One expert who spoke to the New York Times said the number of infected medical workers is “concerning.”
“I think it’s quite concerning,” said Benjamin Cowling, a professor of epidemiology at the University of Hong Kong. “Healthcare workers face the challenge of caring for a substantial number of patients in Wuhan. It’s worrying to discover that a number of them have been infected.”
From what we’ve heard and read, it seems that shortages of supplies like facemasks, gloves, goggles and other protective gear have persisted, even in Hubei, according to the NYT. During the SARS outbreak, 961 medical workers were infected, representing some 18% of all infections. Since COVID-19 is even more contagious than SARS, we’d expect the number of medical workers infected to be even higher.
After expressing skepticism about Beijing’s response to the virus earlier in the week, it looks like the WHO is back to shilling for the Communist Party, claiming overnight that the jump in cases in China shouldn’t be characterized as a “spike,” and that it’s normal to change how cases are defined.
Across the mainland, the Chinese people, who have been frustrated by the government’s dissembling, have come up with jokes like this one.
Given everything we’ve learned about the virus, and all the reports about shortages of medical supplies like facemasks across the country, but especially in Hubei Province, we suspect that the real number is much, much larger. It’s just the latest evidence that Beijing hasn’t given up on doctoring its disease stats, even after its big non-admission on Thursday that its methods for confirming virus-linked cases and deaths hadn’t been sufficiently inclusive.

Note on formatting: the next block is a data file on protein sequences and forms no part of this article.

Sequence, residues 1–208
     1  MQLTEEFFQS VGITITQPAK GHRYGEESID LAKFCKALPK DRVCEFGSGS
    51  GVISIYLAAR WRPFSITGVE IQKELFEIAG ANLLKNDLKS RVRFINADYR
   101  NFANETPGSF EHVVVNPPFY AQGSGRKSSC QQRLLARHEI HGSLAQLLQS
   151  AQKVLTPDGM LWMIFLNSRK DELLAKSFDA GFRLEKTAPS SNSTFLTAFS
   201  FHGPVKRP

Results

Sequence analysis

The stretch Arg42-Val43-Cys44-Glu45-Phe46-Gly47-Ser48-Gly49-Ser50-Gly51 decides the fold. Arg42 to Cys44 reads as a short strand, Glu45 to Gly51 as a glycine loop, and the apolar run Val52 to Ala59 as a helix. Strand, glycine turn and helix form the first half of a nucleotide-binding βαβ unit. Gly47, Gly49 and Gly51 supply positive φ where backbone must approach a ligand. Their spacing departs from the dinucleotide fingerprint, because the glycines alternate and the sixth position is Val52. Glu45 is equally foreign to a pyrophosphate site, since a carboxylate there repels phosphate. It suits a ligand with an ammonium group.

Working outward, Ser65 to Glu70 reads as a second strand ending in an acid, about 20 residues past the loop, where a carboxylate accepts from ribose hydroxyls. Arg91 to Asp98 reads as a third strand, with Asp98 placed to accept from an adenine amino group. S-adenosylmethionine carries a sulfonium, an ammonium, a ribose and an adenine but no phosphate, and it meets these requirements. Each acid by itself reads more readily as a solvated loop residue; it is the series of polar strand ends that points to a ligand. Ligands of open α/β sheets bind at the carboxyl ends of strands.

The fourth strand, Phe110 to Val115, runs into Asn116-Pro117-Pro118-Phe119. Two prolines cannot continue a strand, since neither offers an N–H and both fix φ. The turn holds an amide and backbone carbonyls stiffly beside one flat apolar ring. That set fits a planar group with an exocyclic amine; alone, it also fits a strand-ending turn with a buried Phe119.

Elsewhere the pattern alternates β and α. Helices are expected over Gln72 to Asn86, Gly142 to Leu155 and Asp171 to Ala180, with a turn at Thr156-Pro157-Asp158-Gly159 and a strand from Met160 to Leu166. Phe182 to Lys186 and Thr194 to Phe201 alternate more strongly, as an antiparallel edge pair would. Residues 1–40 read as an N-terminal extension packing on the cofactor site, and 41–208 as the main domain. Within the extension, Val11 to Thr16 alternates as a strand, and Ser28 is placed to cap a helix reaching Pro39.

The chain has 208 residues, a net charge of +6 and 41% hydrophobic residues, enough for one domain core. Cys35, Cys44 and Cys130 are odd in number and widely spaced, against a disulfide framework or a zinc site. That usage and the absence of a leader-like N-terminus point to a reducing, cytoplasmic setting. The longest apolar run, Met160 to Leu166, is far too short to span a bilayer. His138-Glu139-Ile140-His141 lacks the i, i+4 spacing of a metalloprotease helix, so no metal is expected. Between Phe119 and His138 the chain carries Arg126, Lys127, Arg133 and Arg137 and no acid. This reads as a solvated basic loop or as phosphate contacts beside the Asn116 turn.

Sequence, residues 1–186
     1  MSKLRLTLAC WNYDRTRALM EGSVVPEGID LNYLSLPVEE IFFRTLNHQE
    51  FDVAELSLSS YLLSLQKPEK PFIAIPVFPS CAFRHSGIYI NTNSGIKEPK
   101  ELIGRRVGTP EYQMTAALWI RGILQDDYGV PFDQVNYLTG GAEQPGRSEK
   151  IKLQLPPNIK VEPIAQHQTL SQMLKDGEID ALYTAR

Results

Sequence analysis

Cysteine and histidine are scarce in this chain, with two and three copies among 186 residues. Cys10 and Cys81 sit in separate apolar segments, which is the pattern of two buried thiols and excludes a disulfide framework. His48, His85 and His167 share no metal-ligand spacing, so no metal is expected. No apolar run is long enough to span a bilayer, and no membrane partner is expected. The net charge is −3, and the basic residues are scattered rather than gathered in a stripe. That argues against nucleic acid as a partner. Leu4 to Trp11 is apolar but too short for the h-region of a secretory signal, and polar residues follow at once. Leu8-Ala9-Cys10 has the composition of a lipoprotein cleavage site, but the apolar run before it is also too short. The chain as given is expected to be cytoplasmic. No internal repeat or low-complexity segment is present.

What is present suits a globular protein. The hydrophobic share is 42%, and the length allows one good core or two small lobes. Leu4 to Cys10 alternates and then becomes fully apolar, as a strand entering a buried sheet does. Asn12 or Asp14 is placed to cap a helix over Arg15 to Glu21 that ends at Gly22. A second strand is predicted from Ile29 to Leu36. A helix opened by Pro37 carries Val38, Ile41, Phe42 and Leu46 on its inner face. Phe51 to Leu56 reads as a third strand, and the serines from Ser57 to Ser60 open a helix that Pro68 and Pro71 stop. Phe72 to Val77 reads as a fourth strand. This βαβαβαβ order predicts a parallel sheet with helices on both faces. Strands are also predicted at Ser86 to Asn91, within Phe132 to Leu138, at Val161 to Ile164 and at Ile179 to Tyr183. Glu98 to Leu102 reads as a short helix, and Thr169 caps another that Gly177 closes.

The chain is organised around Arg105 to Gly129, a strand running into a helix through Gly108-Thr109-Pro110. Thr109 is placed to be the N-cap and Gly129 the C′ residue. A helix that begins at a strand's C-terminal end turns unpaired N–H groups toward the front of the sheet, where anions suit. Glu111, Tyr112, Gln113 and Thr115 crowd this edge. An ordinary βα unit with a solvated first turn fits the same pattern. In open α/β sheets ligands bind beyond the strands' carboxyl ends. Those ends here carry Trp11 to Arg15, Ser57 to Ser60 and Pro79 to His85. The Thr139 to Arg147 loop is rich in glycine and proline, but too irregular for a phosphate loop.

As we first pointed out yesterday, party officials said yesterday that the country would use “wartime measures” – a kind of public emergency declaration – to fight the virus, suggesting that the lockdowns will become even more widespread.
by Tyler Durden
Specifically, Morgan Stanley suggested that real time measurements of Chinese pollution levels would provide a “quick and dirty” (no pun intended) way of observing if any of China’s major metropolises had returned back to normal. What it found was that among some of the top Chinese cities including Guangzhou, Shanghai and Chengdu, a clear pattern was evident – air pollution was only 20-50% of the historical average. As Morgan Stanley concluded, “This could imply that human activities such as traffic and industrial production within/close to those cities are running 50-80% below their potential capacity.”